Health lifestyles positively impact good health

In the central region, the population who actively exercised had higher SRH than other participants (33.55%). In the southern and northern regions, the percentage of participants who exercised showed no statistical difference compared to the other respondents. However, most respondent who smoked or drank reported better SRH. These traits were more clearly represented in the southern and central regions; in the northern region, the highest rate of poor SRH was found among responders who did not smoke or drank.

Overall, the SRH among northern respondents was lower than that of southern and central regionals (p < 0.05), and nearly half of them (47.98%) reported the poorest SRH.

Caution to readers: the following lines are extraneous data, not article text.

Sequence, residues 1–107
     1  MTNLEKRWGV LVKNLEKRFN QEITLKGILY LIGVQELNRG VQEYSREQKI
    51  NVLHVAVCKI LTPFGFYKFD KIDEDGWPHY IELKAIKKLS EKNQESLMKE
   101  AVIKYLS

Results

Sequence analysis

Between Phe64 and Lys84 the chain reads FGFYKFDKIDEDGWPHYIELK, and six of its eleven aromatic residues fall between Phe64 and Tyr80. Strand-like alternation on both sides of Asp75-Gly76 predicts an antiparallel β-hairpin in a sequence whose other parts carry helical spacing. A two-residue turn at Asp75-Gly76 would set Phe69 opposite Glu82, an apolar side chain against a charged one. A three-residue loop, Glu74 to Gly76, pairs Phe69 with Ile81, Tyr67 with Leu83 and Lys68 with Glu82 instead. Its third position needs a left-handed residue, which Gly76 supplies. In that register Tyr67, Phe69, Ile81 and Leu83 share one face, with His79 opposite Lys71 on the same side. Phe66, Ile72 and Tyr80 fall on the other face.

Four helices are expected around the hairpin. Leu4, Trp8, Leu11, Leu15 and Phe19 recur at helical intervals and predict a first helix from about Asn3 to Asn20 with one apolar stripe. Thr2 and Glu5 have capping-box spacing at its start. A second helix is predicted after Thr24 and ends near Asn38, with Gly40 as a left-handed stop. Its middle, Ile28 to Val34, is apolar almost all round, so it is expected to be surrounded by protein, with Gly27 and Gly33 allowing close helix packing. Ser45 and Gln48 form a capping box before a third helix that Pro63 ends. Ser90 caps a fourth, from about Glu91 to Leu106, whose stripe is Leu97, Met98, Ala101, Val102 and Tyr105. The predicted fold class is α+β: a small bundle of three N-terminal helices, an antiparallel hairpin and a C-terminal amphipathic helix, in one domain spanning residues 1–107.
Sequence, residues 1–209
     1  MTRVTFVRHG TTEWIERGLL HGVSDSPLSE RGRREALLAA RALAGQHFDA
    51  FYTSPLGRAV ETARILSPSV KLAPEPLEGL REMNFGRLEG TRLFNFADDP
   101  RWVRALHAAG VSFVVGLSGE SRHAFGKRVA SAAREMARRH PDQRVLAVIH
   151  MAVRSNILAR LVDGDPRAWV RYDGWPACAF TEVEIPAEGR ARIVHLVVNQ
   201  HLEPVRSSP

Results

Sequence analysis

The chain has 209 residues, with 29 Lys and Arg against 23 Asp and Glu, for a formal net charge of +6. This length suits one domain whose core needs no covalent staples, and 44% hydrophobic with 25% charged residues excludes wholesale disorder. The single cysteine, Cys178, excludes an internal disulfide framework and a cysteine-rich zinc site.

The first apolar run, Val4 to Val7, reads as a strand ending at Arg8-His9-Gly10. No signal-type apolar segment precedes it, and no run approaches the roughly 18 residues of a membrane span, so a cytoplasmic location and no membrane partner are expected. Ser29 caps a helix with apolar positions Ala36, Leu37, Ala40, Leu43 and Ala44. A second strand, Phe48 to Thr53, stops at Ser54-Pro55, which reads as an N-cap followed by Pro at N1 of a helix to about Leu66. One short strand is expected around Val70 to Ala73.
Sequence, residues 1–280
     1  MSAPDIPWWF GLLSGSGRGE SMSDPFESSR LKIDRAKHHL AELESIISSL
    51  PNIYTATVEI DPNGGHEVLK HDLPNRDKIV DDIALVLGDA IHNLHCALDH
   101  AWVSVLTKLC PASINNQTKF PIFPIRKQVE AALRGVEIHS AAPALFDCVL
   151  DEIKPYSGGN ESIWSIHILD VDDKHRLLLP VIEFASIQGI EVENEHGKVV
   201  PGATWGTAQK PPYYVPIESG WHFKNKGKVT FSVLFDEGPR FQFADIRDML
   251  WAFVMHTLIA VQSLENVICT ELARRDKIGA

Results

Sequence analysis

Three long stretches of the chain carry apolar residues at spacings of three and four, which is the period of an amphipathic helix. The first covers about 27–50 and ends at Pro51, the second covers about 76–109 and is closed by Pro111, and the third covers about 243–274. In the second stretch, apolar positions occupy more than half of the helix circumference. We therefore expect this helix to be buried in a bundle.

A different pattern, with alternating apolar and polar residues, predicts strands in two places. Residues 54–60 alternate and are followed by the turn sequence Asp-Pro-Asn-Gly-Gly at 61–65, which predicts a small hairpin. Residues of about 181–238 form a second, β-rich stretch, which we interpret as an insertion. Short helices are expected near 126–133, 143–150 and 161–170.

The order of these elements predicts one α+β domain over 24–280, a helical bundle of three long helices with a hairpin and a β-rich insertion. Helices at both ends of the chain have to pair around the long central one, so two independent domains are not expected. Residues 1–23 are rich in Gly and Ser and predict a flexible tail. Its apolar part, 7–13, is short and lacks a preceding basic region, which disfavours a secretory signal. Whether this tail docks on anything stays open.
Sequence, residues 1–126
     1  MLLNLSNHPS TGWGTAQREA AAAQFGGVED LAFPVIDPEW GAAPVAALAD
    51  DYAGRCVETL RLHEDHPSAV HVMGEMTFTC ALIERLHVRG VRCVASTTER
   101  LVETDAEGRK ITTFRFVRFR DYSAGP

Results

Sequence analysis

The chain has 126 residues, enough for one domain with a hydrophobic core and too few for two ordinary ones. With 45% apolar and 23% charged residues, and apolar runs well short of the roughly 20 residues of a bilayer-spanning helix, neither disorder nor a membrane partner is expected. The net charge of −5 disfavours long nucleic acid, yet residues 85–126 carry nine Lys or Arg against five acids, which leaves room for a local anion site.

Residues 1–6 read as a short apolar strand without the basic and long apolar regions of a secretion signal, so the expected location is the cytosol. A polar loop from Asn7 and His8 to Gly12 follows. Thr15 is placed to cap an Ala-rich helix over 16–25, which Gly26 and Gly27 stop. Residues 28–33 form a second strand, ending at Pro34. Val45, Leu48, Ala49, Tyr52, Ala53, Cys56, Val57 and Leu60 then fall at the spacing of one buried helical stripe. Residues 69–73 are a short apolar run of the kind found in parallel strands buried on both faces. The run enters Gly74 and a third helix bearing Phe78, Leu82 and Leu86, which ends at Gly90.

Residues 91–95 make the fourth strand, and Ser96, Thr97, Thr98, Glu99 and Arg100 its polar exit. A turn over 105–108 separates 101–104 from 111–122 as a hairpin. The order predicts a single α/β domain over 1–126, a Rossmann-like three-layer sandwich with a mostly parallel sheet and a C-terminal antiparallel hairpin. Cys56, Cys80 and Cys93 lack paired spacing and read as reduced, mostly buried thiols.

Determinants of SRH in rural regions

The odds ratios of SRH in a series of models are presented in Table 4. In the first, districts were included, followed by a regression analysis of individual demographic characteristics, family factors, physical health and healthy lifestyle habits.
Table 4

Ordinal logistic regression of respondents’ SRH (Exp (B))

Variable

Model 1a

Model 2 b

Model 3 c

Model 4d

Model 5 e

Model 6 f

SRH(ref: Poorest)

 Poor

2.873**

4.967**

3.038**

2.433**

4.827**

3.447**

 Good

1.331*

1.776**

1.061

0.844

1.479*

1.045

 Best

0.384**

0.536**

0.315**

0.249**

0.387**

0.270**

Region (ref: Southern)

 Central

0.994

0.948

0.999

0.993

0.962

0.957

 Northern

2.557**

2.139**

2.276**

2.278**

1.992**

1.932**

Gender (ref: Male)

 Female

 

1.184*

1.236**

1.255**

1.217*

0.879

Age (y) (ref: 15~)

 45~

 

1.825**

1.765***

1.782**

1.413**

1.472**

 55~

 

2.663**

2.190***

2.155**

1.525**

1.562**

 65~

 

3.899**

2.655***

2.578**

1.727**

1.772**

Education (ref: No education)

 Primary school

 

0.776**

0.811**

0.836*

0.896

0.859

 Middle school or higher